The Aachen City Hall
From the Carolingian royal hall to the late medieval coronation palace
Postdoc Project: Dr.-Ing. Judith Ley
The city hall of Aachen contains in its structure one of the most important medieval rulers' buildings in the German-speaking world. The building dates to Charlemagne's Hall of Kings, erected around 800, which was part of the building complex of the Palatinate of Aachen. From 936, it was used by the German kings installed in Aachen for a variety of purposes, including holding the coronation banquet. The hall, which had been thoroughly restored during the Romanesque period, finally became the property of the city around 1330 and was converted into the town hall. This building continued to be regarded as a palace, since the kings used both the new magnificent figural façade facing the market and the integrated coronation hall for their ceremonial appearances.
Since the site has always had a played an extremely significant role in power and politics, the development of this building in particular can be expected to offer insight into the general trends in how stately halls were transformed/modified from Antiquity to the end of the Middle Ages. Despite its importance, a systematic study and analysis of its building stock as well as a critical interpretation of its ever-changing use of forms/design vocabulary are still desiderata in the studies of architectural history today.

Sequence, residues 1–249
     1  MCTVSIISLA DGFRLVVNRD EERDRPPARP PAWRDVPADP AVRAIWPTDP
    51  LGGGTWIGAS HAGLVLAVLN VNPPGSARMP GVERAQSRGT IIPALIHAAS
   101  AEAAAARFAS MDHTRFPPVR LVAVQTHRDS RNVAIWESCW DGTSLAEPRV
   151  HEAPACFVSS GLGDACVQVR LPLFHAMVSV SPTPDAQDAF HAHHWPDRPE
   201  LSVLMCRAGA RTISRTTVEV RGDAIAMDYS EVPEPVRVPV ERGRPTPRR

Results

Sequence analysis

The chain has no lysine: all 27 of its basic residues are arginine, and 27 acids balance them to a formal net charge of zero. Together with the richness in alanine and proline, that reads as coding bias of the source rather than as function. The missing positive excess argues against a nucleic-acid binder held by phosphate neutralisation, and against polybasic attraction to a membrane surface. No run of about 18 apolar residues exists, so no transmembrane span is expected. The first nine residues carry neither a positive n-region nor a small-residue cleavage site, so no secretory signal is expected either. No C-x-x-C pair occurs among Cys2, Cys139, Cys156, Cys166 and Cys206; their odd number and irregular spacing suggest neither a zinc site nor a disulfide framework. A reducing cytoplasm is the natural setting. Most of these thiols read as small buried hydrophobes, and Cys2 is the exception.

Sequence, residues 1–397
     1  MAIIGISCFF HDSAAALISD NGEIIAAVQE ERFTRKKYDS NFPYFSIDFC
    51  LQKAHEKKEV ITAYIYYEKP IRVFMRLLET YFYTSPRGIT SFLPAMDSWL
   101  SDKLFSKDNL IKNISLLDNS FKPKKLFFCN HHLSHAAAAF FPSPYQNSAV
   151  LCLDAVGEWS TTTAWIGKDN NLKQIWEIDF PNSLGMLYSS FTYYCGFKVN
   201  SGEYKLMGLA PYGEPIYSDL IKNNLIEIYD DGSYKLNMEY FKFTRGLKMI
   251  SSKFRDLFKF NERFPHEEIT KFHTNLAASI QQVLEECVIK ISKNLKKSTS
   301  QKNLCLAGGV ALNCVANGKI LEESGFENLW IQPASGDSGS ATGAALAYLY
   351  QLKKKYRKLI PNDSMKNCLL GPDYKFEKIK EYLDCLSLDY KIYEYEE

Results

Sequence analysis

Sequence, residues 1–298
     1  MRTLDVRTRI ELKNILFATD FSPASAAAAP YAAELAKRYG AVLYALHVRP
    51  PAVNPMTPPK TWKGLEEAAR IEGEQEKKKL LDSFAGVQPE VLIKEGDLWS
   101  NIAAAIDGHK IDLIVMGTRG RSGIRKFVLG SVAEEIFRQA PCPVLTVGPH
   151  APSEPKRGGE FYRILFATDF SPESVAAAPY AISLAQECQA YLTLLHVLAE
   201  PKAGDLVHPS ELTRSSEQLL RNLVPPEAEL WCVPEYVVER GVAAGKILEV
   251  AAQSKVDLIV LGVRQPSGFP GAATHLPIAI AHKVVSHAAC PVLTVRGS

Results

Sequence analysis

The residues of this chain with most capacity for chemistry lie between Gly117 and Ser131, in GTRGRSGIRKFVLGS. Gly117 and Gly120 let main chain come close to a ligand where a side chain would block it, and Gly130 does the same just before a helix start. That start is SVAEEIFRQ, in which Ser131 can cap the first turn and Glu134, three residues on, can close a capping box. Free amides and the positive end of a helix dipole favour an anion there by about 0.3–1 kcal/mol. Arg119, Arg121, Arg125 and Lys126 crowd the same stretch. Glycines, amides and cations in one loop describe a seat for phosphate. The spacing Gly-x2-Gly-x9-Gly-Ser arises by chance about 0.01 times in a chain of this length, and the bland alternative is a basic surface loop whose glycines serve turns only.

The aim of the DFG-funded research project is a coherent architectural-historical investigation of the medieval building and its transformations. In the first stage of the project, well-founded/scientifically sound reconstruction proposals of the different stages of construction will be developed, based on a modern documentation of the building carried out in cooperation with the “Investment Programme for National UNESCO World Heritage Sites” and the evaluation of several earlier but mostly unpublished studies from the 19th and 20th century. Here, the integration of the building into the Palatinate complex and the city of Aachen will play a decisive role.
Finally, the significance of the Aachen assembly hall in the development of stately architecture in Europe will be explored by comparing it to other ancient and medieval hall and palace buildings. The conception of a ceremonial rooms in terms of space and design , the interpretation of the use of forms/design vocabulary as well as the derivation of the practical, often complex structural solutions are equally important. The project shows how the conception and organization of space have changed throughout the ages and shaped the European conception of architecture up to the present day.